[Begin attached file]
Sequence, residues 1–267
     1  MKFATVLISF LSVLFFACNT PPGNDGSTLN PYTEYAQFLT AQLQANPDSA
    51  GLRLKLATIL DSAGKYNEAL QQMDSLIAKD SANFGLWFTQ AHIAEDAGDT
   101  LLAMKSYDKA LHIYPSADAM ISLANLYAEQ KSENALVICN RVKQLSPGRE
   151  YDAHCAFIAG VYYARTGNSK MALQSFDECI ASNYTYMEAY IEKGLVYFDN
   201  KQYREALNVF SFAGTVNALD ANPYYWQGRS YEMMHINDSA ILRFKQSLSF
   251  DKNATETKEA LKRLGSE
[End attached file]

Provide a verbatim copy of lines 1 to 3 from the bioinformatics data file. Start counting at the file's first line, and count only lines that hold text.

Sequence, residues 1–267
     1  MKFATVLISF LSVLFFACNT PPGNDGSTLN PYTEYAQFLT AQLQANPDSA
    51  GLRLKLATIL DSAGKYNEAL QQMDSLIAKD SANFGLWFTQ AHIAEDAGDT